On Aug. 3, the United States Senate approved a "right-to-try" (RTT) bill by unanimous consent, a process by which the Senate suspends its traditional rules so that legislation with broad support can pass without each Senator voting individually. The bill would authorize the use of unapproved drug therapies by terminally ill patients, who have exhausted other treatment options and are unable to participate in ongoing clinical trials, as long as the drugs have been tested in Phase I clinical trials and are continuing in further Food and Drug Administration (FDA) research. A physician must certify that the patient is not eligible for a clinical trial with the drug, but there no requirements for physician participation.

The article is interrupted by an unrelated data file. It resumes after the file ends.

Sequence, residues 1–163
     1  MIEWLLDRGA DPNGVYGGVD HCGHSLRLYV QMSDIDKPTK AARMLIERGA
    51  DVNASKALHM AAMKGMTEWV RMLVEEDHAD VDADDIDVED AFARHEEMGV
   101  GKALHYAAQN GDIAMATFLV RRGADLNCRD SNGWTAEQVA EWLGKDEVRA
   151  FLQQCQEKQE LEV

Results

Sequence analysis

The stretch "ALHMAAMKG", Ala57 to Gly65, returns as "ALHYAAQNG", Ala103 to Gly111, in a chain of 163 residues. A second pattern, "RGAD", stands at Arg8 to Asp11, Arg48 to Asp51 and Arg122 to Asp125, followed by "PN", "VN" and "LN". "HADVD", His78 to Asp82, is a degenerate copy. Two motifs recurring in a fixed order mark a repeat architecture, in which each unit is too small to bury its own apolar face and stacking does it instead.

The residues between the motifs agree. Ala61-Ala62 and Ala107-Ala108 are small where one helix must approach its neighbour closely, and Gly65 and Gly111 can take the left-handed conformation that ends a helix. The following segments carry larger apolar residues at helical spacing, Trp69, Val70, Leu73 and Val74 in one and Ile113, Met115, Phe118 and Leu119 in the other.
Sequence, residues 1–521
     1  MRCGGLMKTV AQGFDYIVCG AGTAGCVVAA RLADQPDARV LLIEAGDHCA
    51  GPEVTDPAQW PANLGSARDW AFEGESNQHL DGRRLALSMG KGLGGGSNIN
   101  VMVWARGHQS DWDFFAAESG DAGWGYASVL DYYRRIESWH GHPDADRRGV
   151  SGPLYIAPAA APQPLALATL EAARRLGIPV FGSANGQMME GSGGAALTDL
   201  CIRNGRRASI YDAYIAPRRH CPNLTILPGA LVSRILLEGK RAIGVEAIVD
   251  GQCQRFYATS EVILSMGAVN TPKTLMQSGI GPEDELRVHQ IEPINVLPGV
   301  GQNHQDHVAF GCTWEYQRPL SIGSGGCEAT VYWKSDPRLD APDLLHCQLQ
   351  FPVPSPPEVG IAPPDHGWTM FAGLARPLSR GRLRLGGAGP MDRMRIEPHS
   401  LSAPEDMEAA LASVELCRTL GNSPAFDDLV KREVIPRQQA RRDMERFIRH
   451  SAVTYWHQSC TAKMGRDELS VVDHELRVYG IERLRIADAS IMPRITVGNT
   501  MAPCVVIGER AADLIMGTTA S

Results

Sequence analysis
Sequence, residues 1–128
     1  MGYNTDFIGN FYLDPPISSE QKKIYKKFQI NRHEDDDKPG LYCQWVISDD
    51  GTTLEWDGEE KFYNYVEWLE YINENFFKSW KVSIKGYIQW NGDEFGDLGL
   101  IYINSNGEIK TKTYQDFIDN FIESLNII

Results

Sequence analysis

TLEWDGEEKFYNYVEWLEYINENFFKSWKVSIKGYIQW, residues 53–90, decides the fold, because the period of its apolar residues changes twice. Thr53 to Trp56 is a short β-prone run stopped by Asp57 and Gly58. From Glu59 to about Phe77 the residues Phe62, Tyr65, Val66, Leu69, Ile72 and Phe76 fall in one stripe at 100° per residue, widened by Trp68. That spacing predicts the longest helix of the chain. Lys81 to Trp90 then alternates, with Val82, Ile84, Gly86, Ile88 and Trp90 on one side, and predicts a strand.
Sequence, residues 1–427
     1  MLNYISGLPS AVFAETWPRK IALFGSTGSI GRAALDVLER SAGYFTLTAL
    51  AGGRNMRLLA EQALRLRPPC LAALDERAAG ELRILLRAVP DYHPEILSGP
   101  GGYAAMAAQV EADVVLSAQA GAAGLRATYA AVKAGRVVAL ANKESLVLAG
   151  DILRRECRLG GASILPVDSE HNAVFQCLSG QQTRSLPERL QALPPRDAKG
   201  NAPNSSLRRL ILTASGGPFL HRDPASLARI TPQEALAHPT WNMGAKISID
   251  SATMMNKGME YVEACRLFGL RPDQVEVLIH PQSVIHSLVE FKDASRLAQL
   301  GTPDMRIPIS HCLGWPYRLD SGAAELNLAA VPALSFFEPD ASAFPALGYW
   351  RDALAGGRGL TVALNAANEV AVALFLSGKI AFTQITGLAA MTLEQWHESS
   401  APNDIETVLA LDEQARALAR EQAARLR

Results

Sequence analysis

The legislation includes provisions that would require FDA to receive safety reports on events that occur in right-to-try situations and forbid drug manufacturers from charging patients more than the cost to produce the medicines. The bill would also require manufacturers to submit reports on patient use, allow FDA to use outcomes data in certain instances, and require written informed consent—though that consent does not have to be approved by an institutional review board. It also includes a provision that would protect prescribers from liability expect in cases of willful misconduct or gross negligence.
The House of Representatives is in August recess, but may take up the bill in September.
Earlier this year, ASCO issued a position statement on access to investigational drugs. The society supports FDA’s expanded access program, but ASCO does not support right-to-try legislation. As currently envisioned and enacted, these laws will interfere with already-streamlined and effective protocols, potentially putting patients at high risk for unclear benefit.
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